todo del 1 2 3

    # to remove everything
    todo truncate

    if [ -z “$TODO” ]; then
    export TODO=~/todo.txt
    if [ ! -f “$TODO” ]; then
    touch “$TODO”

    if [ $# == “0” -o “$1” == “list” -o “$1” == “ls” ]; then
    cat “$TODO”;
    n=$(wc -l “$TODO” | cut -d ‘ ‘ -f 1)
    tput setf 4
    echo “There are $n things to do.”
    tput setf 0
    elif [ “$1” == “del” -o “$1” == “rm” ]; then
    for var in “${@:2}”;
    sed -i -e “/^$var/d” “$TODO”;
    n=$(wc -l “$TODO” | cut -d ‘ ‘ -f 1)
    echo “There are $n things left”
    elif [ “$1” == “truncate” ]; then
    echo -n “” > “$TODO”
    echo “Everything done.”
    n=$(($(tail -1 “$TODO” | cut -d ‘ ‘ -f 1) +1));
    echo “$n ⇾ $@” >> $TODO;
    n=$(wc -l “$TODO” | cut -d ‘ ‘ -f 1)
    tput setf 2
    echo “$n ⇾ $@”
    tput setf 0
    echo “There are $n things to do.”

  6. Aximilation Says:

    I second Beetle on I used it a while ago and remember it being clean and elegant, but also able to support projects and GTD style organizaion. It would be very simple to put together a script or two to display the tasks in conky. Check it out!

  7. reader_1000 Says:

    although this is neither nice nor efficient way of doing, I added the following code to the script so that it will re-index the items in the todo list

    elif [ “$1” == “reindex” -a $# == “1” ]; then
    while read line
    old_index=$(echo “$line” | cut -d ‘ ‘ -f 1)
    sed -i “s/$old_index/$i/” “$TODO”
    i=$(($i + 1))
    done reindex todo
    3 -> do it now
    5 -> are you still waiting

    running “todo reindex” will convert it to
    1 -> reindex todo
    2 -> do it now
    3 -> are you still waiting

  8. bitigchi Says:

    Is it possible to do this in Mac OS X?

  9. Adrian Mouat Says:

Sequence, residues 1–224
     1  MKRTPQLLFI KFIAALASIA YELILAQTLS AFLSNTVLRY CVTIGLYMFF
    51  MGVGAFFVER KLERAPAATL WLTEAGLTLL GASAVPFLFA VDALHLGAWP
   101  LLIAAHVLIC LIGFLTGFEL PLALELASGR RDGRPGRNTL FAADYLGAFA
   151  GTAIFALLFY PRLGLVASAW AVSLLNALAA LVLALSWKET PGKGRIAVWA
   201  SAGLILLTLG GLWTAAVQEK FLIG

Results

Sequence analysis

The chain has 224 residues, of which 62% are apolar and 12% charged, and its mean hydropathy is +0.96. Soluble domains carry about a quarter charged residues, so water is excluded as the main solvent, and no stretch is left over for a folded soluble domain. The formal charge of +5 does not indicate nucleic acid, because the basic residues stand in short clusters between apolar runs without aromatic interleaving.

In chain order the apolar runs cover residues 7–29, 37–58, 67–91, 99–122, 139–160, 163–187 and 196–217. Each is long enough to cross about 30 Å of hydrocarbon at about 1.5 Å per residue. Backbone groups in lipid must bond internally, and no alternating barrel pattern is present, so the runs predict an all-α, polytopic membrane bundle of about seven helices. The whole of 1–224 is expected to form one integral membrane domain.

@Moses Moore, @reader_1000, thanks for the suggested improvements! I’ll try them out and update the post if that’s ok.

    @bitigchi, the post has the MacOS app which this is a port of. It is very similar, but doesn’t use conky and puts everything in bash functions rather than /usr/local/bin scripts.

    @Beetle B, @Aximilation, I’ll check out taskwarrior. But I really want to keep things as simple and low impedance as possible.

  10. Paul Beckingham Says:

    Adrian Mouat says:

    > But I really want to keep things as simple and low impedance as possible.

    This really is the most critical part. TODO software needs to be as minimal as possible when it comes to the four basic operations: add, done, delete, list. Beyond that, it helps to have automatic installation, man pages if you need them, and tutorials.

    Nice article Adrian.

  11. Adrian Mouat Says:

    Thanks for all the comments. Task Warrior is bit more complex than I’m looking for, but Todo .txt looks great – it has an equally minimalist interface but some extra features should you need them.

  12. Zhang Huangbin Says:

    Slightly improved.

    *) Don’t hard-code line number. Use ‘cat -b’ to get actual line number.
    *) Delete task with sed.

    # .bash_profile
    export TODO=~/.todo
    todo() {
    if [ X”$#” == X’0′ ]; then
    [ -f $TODO ] || touch ${TODO}
    cat -b $TODO
    echo “$@” >> $TODO

    todone() {
    export line=”${1}”
    sed “${line}d” ${TODO} > ${TODO}.tmp
    mv ${TODO}.tmp ${TODO}

  13. Zhang Huangbin Says:

    Add function to top a task: todotop.

    todotop() {
    sed -n “${1}p” ${TODO} > ${TODO}.top
    todone ${1}
    cat ${TODO} >> ${TODO}.top
    mv ${TODO}.top ${TODO}

  14. Adrian Mouat Says:

    Thanks Zhang. I’ve move to Todo.txt, but hopefully someone else will find that useful. My current problem is that conky doesn’t seem to play nice with Ubuntu and Chrome – I quite often end up with conky either disappearing completely or on top of all the windows.

  15. Zhang Huangbin Says:

    Todo.txt? will have a look later, thanks for your sharing. :)

    I improved the shell code today, It now supports multiple projects/files, with 3 actions available:

    – Create a new task in project “prj”: td prj task
    – Delete third task: tddone prj 3
    – Move third task on the top: tdtop prj 3

    Shell script is available here: